Discovering filter keywords for company name disambiguation in twitter

Spina, D, Gonzalo, J and Amigó, E 2013, 'Discovering filter keywords for company name disambiguation in twitter', Expert Systems with Applications, vol. 40, no. 12, pp. 4986-5003.


Document type: Journal Article
Collection: Journal Articles

Title Discovering filter keywords for company name disambiguation in twitter
Author(s) Spina, D
Gonzalo, J
Amigó, E
Year 2013
Journal name Expert Systems with Applications
Volume number 40
Issue number 12
Start page 4986
End page 5003
Total pages 18
Publisher Elsevier
Abstract A major problem in monitoring the online reputation of companies, brands, and other entities is that entity names are often ambiguous (apple may refer to the company, the fruit, the sin ger, etc.). The prob- lem is particularly hard in microblogging services such as Twitter, where texts are very short and there is little context to disambiguate.In this paper we address the filtering task of determining, out of a set of tweets that contain a company name, which ones do refer to the company.Our approach relies on the identification of filter keywords : those whose presence in a tweet reliably confirm(positive keywords) or discard (negative keywords) that the tweet refers to the company. We describe an algorithm to extract filter keywords that does not use any previously annotated data about the target company. The algorithm allows to classify 58% of the tweets with 75% accuracy; and those can be used to feed a machine learning algorithm to obtain a complete classification of all tweets with an overall accuracy of 73%. In comparison, a 10-fold validation of the same machine learning algo- rithm provides an accuracy of 85%, i.e., our unsupervised algorithm has a 14% loss with respect to its supervised counterpart. Our study also shows that (i) filter keywords for Twitter does not directly derive from the public in for- mation about the company in the Web: a manual selection of keywords from relevant web sources only covers 15% of the tweets with 86% accuracy;(ii) filter keywords can indeed be a productive way of clas- sifying tweets: the five best possible keywords cover, in average,28% of the tweets for acompany inour test collection.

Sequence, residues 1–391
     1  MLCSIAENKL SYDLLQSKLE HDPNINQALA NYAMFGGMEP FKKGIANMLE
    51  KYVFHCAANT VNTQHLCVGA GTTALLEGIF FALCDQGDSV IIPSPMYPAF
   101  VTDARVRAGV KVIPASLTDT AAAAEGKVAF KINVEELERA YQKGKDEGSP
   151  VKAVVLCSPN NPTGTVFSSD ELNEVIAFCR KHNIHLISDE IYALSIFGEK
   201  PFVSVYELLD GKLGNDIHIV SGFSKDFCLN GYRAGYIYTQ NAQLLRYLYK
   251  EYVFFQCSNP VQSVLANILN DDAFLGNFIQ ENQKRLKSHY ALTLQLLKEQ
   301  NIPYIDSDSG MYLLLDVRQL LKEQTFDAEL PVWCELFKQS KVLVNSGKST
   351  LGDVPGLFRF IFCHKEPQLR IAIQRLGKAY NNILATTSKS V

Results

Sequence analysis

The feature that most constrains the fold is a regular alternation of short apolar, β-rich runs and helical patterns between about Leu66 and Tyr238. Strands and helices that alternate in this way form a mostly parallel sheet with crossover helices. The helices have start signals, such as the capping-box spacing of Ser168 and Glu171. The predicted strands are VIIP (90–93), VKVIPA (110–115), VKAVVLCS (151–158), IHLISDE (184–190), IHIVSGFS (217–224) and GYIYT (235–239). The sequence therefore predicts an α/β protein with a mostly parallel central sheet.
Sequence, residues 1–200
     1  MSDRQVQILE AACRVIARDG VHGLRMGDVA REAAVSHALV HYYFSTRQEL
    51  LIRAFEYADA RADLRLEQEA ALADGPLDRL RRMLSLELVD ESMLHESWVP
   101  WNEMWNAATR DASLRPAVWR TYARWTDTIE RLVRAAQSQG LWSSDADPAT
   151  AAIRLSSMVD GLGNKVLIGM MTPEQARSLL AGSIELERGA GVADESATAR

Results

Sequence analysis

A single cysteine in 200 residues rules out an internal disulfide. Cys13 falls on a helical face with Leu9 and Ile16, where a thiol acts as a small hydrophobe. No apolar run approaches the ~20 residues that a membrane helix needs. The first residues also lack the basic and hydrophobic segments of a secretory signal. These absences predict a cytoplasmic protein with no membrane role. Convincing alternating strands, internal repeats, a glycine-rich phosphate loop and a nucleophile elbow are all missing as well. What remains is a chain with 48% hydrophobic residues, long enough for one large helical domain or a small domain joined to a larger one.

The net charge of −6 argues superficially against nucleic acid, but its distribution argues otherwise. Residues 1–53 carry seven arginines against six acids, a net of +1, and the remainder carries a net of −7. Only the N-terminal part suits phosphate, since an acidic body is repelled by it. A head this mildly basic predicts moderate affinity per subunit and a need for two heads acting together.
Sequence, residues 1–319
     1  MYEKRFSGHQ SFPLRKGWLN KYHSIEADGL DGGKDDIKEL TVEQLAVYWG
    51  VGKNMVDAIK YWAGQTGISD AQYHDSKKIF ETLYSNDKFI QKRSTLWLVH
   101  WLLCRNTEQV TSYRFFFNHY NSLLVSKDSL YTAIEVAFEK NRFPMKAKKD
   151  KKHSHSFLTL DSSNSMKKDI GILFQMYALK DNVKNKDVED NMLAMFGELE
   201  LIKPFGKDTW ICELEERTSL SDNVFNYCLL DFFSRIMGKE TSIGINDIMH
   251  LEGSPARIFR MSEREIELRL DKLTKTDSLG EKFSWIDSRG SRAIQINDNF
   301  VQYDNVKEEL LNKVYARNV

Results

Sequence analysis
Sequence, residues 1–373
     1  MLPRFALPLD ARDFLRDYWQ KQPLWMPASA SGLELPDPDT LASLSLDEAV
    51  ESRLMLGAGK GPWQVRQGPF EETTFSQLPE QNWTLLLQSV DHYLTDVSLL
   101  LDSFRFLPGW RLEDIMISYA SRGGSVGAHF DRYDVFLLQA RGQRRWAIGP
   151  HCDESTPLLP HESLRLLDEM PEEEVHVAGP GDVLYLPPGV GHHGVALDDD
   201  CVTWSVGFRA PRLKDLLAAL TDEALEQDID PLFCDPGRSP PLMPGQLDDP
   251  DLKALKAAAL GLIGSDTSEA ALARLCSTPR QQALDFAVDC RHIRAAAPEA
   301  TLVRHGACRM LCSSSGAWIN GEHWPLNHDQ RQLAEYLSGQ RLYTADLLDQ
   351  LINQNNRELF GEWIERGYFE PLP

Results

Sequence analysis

Subject Information Systems not elsewhere classified
Information Retrieval and Web Search
Keyword(s) Filtering
Name disambiguation
Online reputation management
Twitter
DOI - identifier 10.1016/j.eswa.2013.03.001
Copyright notice © 2013 Elsevier Ltd. All rights reserved.
ISSN 0957-4174
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